Nuclear Energy -- What About the Nuclear Waste?
“The Problem of Nuclear Waste” is a common misconception fueled by skeptics and opponents of nuclear energy. “What to do with Nuclear Waste?” is one of the biggest issues dogging the nuclear power industry. While long-term management of used fuel is a real issue, it’s helpful to get some perspective.
Currently, the U.S. generates about 20% of its electricity from 104 nuclear power reactors. These reactors have generated about 62,000 tons of used nuclear fuel. When people talk about nuclear waste, they are really referring to this used nuclear fuel.
Ounce-for-ounce, uranium is super-efficient. If one person exclusively used nuclear energy to provide for her electricity needs for her entire lifetime, she could fit all her used uranium fuel in a standard soda can.
If we want to account for the 62,000 tons of used fuel produced since the beginning of nuclear power plant operation in the U.S., what does that look like? In order to visualize the total volume, picture an area the size of a football field going up to about the height of the goal post bars. Yes, an 8-foot-high, rectangular structure the size of a football field could house all 62,000 tons of used fuel in the U.S.
Of course, this doesn’t mean “problem solved.” In fact, we do need a regulatory environment where the nuclear energy industry can implement their comprehensive containment and recycling plans. However, it does show us that the amount of used fuel is manageable and currently being stored in safe and stable ways – without incident – at nuclear plants and other secure locations around the country.
Nuclear Energy Waste - Is the Transportation of Spent Fuel Really Safe?
Since the 1960s, there have been more than 3,000 shipments of used nuclear fuel and high-level radioactive waste on U.S. roads, highways, and railways totaling more than 1.7 million miles. There have been nine accidents, four on highways and five on railways.
Because the shipping containers are so strong, there were no injuries, leaks, exposures or environmental damage. The typical high-integrity fuel shipping container can withstand a direct hit by a high-speed locomotive, an 80-mile-an-hour crash into an immovable concrete barrier, immersion in a 1,475-degree Fahrenheit fire, a direct hit by a projectile 30 times more powerful than an anti-tank weapon, and immersion in 600 feet of water.
Yes, contrary to some public perceptions, radioactive materials from nuclear power plants are strictly controlled, safely transported, and securely stored. No member of the public has ever been harmed by the handling, transporting, storing, or disposing of any radioactive material from any of the nation’s nuclear power plants. It’s also important to realize that there are many industrial waste products outside the nuclear energy industry that are much more toxic to humans and much more damaging to the environment each and every year.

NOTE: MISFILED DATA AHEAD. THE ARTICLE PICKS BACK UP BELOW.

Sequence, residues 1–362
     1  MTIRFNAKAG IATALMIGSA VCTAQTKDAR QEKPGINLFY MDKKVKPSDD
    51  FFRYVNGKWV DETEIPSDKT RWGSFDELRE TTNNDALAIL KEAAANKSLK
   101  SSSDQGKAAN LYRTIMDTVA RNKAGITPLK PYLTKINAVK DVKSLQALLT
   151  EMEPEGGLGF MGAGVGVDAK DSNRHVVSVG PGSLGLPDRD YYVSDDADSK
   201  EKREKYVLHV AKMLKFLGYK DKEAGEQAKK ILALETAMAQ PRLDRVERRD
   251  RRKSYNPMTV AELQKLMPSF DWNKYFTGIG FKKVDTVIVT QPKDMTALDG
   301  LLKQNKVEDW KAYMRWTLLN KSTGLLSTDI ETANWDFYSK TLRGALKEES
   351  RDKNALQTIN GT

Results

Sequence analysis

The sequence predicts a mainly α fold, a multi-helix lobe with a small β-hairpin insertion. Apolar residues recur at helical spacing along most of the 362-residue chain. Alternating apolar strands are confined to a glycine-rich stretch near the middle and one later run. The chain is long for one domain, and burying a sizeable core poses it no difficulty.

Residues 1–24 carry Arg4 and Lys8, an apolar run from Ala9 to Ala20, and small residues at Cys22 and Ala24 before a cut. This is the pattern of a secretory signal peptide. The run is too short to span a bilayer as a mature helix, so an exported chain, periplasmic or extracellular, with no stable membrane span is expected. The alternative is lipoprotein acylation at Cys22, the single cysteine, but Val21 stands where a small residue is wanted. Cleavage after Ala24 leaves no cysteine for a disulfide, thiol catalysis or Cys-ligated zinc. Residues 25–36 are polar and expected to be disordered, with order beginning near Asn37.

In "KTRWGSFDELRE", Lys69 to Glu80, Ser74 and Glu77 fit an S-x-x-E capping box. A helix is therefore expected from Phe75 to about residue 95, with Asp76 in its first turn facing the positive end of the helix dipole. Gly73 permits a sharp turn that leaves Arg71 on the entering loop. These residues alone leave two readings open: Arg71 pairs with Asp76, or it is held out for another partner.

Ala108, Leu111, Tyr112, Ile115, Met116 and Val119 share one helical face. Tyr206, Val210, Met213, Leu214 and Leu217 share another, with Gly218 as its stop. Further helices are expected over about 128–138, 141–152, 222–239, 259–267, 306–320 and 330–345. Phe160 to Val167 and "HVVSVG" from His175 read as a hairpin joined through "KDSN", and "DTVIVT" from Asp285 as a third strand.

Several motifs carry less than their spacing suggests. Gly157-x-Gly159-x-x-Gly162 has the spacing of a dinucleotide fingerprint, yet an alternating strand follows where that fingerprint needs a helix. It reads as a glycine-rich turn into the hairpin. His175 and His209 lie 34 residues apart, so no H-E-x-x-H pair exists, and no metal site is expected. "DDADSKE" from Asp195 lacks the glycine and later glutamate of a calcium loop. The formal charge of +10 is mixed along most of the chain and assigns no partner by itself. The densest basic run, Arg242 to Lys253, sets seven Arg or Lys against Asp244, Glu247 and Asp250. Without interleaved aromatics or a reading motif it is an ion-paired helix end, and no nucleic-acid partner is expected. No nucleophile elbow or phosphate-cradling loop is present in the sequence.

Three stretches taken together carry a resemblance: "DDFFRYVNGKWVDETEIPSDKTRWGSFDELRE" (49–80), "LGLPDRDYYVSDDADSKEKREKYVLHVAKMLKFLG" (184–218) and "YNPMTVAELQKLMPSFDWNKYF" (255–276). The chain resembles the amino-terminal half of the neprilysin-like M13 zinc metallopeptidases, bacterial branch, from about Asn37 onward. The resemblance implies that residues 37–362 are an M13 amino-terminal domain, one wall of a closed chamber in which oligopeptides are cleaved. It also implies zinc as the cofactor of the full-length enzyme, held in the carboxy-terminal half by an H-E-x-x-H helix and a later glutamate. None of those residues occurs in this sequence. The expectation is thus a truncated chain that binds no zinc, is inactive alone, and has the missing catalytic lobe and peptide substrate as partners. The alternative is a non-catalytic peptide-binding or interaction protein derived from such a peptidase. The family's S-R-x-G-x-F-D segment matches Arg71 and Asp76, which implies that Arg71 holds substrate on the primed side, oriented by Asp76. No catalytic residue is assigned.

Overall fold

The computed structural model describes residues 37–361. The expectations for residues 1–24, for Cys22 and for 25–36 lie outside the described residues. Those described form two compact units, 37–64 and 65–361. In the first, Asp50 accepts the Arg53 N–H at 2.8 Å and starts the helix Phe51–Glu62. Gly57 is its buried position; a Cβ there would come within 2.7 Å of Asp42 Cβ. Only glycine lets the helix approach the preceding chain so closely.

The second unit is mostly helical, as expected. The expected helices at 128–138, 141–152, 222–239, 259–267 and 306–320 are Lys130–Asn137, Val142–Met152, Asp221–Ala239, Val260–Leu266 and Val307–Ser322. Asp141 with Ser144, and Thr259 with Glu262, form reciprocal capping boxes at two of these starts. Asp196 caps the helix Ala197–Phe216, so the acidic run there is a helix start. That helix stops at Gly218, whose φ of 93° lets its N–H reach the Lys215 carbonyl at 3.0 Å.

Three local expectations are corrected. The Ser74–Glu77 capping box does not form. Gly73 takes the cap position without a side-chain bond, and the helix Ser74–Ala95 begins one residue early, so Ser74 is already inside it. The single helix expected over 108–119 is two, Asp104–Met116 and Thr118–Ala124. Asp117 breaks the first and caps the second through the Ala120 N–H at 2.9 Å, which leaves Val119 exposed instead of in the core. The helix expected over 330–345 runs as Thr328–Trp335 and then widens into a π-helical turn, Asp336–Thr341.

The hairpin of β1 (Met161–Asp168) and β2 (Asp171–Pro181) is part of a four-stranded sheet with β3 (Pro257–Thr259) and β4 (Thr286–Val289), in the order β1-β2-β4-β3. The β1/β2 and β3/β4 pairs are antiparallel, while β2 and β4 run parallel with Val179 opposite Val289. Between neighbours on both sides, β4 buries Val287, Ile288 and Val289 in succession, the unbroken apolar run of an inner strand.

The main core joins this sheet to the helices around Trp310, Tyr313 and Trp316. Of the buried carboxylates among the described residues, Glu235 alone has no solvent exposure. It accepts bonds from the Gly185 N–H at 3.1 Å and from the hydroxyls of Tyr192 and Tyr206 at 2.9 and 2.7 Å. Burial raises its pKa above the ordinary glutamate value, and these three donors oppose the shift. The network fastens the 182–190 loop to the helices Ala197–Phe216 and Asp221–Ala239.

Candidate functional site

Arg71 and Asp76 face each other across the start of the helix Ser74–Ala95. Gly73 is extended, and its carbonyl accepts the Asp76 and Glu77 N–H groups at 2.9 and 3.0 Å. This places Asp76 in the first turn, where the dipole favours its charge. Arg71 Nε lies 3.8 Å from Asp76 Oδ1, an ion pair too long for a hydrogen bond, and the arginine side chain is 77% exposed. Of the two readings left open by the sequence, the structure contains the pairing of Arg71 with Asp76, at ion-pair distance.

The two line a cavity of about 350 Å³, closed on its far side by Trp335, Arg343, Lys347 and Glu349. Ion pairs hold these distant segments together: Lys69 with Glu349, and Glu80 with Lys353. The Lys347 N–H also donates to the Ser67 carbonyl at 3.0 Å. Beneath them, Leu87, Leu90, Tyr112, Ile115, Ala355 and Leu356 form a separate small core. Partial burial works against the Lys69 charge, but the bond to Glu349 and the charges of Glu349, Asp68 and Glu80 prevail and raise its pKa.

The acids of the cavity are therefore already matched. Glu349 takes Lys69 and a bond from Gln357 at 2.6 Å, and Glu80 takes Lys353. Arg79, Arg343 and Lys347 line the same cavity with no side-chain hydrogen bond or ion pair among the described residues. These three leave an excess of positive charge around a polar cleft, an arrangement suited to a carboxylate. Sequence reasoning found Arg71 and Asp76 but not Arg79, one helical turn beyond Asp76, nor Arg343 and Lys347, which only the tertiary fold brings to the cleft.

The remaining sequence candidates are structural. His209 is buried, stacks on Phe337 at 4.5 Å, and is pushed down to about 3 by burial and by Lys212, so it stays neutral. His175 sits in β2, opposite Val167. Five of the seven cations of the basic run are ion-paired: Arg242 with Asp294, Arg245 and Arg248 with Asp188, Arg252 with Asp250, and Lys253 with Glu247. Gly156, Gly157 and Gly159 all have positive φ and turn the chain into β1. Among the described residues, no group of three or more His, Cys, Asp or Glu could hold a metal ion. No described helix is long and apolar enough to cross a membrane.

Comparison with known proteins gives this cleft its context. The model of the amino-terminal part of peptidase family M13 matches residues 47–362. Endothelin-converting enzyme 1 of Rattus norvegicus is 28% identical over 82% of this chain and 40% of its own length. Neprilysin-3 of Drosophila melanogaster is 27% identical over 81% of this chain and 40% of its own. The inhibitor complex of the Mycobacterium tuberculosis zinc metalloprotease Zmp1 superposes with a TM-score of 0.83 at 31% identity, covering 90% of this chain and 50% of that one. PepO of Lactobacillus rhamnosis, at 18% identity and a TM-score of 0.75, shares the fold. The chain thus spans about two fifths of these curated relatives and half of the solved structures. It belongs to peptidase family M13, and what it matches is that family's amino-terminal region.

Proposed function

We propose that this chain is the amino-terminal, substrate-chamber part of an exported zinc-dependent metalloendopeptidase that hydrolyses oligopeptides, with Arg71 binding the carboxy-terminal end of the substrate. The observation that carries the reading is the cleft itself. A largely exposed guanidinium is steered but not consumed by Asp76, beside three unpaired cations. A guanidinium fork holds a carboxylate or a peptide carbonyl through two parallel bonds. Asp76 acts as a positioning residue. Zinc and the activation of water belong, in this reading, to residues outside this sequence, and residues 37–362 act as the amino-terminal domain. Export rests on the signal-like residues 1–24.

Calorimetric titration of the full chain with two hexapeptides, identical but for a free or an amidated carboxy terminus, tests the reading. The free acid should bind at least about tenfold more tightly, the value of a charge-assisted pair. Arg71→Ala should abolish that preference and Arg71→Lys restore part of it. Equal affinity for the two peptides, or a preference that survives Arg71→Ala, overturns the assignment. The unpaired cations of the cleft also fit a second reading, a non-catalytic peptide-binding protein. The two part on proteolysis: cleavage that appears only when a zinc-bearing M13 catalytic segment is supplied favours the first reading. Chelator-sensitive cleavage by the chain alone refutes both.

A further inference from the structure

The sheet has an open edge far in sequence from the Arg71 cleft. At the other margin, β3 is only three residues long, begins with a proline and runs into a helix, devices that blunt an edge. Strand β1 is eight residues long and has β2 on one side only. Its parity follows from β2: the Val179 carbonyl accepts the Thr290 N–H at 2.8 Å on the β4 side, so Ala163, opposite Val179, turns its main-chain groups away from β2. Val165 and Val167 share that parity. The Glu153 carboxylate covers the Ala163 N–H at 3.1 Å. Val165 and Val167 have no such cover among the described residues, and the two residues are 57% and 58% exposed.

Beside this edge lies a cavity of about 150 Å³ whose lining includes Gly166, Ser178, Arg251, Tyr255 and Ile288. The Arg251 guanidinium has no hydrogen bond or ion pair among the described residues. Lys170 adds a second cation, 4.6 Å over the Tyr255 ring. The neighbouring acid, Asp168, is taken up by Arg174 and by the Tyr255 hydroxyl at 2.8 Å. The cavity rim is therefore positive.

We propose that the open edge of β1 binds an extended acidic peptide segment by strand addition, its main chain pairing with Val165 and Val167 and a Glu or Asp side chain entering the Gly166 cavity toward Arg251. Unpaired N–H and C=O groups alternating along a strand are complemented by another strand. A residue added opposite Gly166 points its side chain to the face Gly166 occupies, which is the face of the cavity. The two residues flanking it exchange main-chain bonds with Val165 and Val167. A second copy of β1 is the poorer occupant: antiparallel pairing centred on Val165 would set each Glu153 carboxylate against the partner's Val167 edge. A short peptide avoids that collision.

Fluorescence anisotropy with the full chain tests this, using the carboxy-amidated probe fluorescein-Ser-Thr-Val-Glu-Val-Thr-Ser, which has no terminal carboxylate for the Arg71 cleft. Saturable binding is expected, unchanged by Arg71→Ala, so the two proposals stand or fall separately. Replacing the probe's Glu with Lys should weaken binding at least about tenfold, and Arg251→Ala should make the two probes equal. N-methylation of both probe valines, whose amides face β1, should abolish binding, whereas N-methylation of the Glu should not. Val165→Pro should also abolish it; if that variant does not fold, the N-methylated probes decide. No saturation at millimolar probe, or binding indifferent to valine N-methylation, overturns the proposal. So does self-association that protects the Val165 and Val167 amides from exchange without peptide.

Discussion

Nuclear Energy Waste -- Recycling Spent Fuel
Used fuel assemblies from U.S. commercial nuclear reactors are energy-rich resources that contain 95% of their original potential energy. By recycling the used fuel to make new fuel -- as done successfully in several countries already -- the remaining energy can be put to great use as another round of fuel for existing nuclear reactors.
The big question -- If we can recycle the used fuel, why isn’t the U.S. nuclear industry doing this?
The current U.S. policy is to dispose of all used fuel permanently. Of course, this policy isn’t being supported and is a monumental waste of resources. Many technologies exist to recover and recycle different parts of the used fuel. The French have been successful in commercializing a process. They remove the uranium and plutonium and fabricate new fuel. Using this method, America's 62,000 tons of used fuel contains enough fuel to power every U.S. household for over 12 years -- with no new uranium required.
Other technologies show even more promise. Indeed, most of them, including the process used in France, were developed in the U.S. Some recycling technologies would leave almost no high-level waste at all and would lead to the recovery of an almost endless source of fuel. However, none of these processes has been successfully commercialized in the U.S., and they will take time to develop. Until the future of nuclear power policy in the U.S. becomes clearer, it will be impossible to know which technologies will be most appropriate to pursue in this market.
There are several technically and scientifically proven options for safely and securely managing used nuclear fuel, including combinations of interim storage, recycling, and permanent geologic storage. For years, managing used nuclear fuel has been a political sticking point for the advancement of nuclear energy in the U.S. Permanent geologic storage, such as a facility like Yucca Mountain in Nevada, is crucial to resolving the issue of spent nuclear fuel. However, a more practical and comprehensive approach would include a well-structured combination of interim storage, recycling, and geological storage.
Content created in association with the Nuclear Energy Policy Group at The Heritage Foundation, and ColdWater Media, Inc. Copyright 2011 – All Rights Reserved in the Original.
Facts derived from the Nuclear Energy Institute, www.NEI.org, including specifically, “Myths and Facts about Nuclear Energy” (August 2010).
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